Just to add to this as I've posted a few times, I'm happy to pay the original amount he quoted, regardless to the fact I believe the work sub-par, what I have issue is him demanding another £700 without any basis or warning, with him pulling a figure out of the air. The problem I have now is if as a gesture of goodwill I pay £2000 as this tin pot lawyer is involved, they will chase for the £700 out of air for his fee.
If it was me, I'm not sure I'd be willing to pay the £2000 to "keep things civil", as you've mentioned in the past. This has gone past that, as soon as you get lawyers involved (especially with no warning), you generally forfeit any civil ways to resolve it.
When did this guy start doing this work? Does he do other work as well? 425 hours is >10 "standard" work weeks. If he's not been going at this project for long, and/or has other work, I think it's unlikely he's actually done that many hours.
In my opinion, he's probably decided he either cannot actually do the job he was contracted to do, or has lost interest in it, so is trying to cashout.
it doesn't work cos it has bugs, how is that a hard concept to grasp? why do you think they're mutually exclusive?
The lawyer part is purely fabricated. No solicitor would get out of bed for that kind of money and I would charge on a per letter basis in order to "mediate". I would also I would also expect my client to have made more than one attempt to collect monies owed as that shows an element of good faith on the claimant. Any threatening letters you receive at this stage I would hazard a guess are from wannabe solicitors who have googled a legal letter template and are to be ignored.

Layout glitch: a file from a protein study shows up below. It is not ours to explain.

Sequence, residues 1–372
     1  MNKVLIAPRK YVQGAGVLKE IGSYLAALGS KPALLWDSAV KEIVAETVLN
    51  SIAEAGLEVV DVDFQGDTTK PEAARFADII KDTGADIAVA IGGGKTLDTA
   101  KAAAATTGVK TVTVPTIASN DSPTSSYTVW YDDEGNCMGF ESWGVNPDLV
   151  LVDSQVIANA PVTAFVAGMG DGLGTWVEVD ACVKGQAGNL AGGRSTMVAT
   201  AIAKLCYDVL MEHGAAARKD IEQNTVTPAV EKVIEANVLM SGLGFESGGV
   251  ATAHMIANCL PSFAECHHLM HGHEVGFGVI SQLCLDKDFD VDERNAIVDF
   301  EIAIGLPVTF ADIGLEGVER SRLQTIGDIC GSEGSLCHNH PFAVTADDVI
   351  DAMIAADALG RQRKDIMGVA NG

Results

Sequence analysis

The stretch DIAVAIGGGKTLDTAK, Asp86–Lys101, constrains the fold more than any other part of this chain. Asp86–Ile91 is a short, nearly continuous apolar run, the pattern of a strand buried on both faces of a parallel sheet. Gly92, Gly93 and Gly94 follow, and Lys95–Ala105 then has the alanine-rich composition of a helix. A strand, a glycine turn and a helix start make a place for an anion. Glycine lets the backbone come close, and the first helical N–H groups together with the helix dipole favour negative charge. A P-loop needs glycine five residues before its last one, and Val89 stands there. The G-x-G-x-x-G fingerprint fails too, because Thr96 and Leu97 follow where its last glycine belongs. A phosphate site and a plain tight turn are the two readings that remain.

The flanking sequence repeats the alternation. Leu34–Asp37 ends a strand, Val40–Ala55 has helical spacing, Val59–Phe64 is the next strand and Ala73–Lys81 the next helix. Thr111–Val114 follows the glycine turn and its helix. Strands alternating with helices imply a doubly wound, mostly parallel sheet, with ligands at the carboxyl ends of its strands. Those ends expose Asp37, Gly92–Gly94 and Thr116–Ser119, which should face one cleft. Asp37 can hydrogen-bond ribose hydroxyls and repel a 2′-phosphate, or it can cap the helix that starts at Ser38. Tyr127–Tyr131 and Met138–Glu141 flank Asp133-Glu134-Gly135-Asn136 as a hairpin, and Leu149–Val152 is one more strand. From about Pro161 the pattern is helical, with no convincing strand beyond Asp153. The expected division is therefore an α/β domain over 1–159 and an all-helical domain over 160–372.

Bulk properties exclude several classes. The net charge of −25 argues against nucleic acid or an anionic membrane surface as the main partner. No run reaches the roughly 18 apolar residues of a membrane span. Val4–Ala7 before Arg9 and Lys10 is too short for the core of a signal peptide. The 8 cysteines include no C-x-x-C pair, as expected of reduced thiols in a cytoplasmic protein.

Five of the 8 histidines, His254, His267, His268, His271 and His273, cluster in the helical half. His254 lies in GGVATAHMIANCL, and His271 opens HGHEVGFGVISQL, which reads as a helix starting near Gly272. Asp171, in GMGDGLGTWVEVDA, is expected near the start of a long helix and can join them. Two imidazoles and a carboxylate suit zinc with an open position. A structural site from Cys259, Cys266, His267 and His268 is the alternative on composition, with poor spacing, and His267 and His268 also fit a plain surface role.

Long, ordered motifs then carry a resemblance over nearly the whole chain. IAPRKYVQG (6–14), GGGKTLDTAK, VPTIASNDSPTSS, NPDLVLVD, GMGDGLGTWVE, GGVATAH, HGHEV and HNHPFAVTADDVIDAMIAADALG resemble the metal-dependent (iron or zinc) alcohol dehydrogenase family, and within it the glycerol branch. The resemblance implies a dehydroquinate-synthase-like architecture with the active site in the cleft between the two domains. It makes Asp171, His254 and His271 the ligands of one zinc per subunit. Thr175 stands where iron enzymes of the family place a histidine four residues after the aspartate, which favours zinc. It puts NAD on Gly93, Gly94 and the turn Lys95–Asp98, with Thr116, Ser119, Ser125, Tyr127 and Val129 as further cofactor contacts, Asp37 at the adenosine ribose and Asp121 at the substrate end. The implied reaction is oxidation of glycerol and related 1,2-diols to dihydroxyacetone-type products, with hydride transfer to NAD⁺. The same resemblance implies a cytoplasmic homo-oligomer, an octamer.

I'd be asking for evidence of hours worked.
I am thinking around the same opinion. There was only the original request, no chase further than that. The tin pot lawyer has had several complaints logged by the solicitors association and is a conveyancer by trade. I am guessing a (family-)friend of the developer or someone in need of work and getting paid to send a few emails.
Ive read this whole post twice and just cant get over the 8.50 an hour, although to be fair companies outsource the same type of work to india for 20p an hour, with similar results, so maybe youve hypothetically paid too mich
If you were happy to pay the £2k then why not just do it (please god not cash) apologise for the 6 week delay and tell him to go away? will he really want to chase/dispute the other £650?
Not a lawyer...
An interesting point is that he has increased the amount he's charging, presumably without spending any more time on the development. There doesn't appear to be any basis in him being able to charge you that, legally speaking, even if it were determined there was a contract in effect.
I think the points around whether the app works or not and his requirement to fix are a bit of a misleading point. You agreed to pay him per hour rather than a set rate to deliver a working app. Of course you'd then have to figure out what the expectations were around time taken, quality of what he produced etc but doesn't seem that you'll reach that answer between yourselves.
If you're willing to accept the £2,000 fee, perhaps just point the above out, explain the delay and that you are happy just to settle but are not making any statement as to the number of hours he has delivered etc. You could also add that if he wants to pursue the larger amount, you will take advice on this including whether you are obliged to pay the £2,000. He'll not want to risk losing everything presumably.
Yes, the tin pot lawyer wants his £650.
That cost is absolutely nothing to do with you. There is nothing requiring you to pay his legal costs.
That would appear to be an unusual preface to your comments. I'm sure you meant "in your considered opinion", didn't you?
In fairness, I think OP mentioned they would have part ownership or an entitlement to profits.
I'd work for a much lower rate than I would normally expect if I thought something I was helping out on might be big. However, I'd want this in a contract.
No, that would be when I have considered two sides of an argument.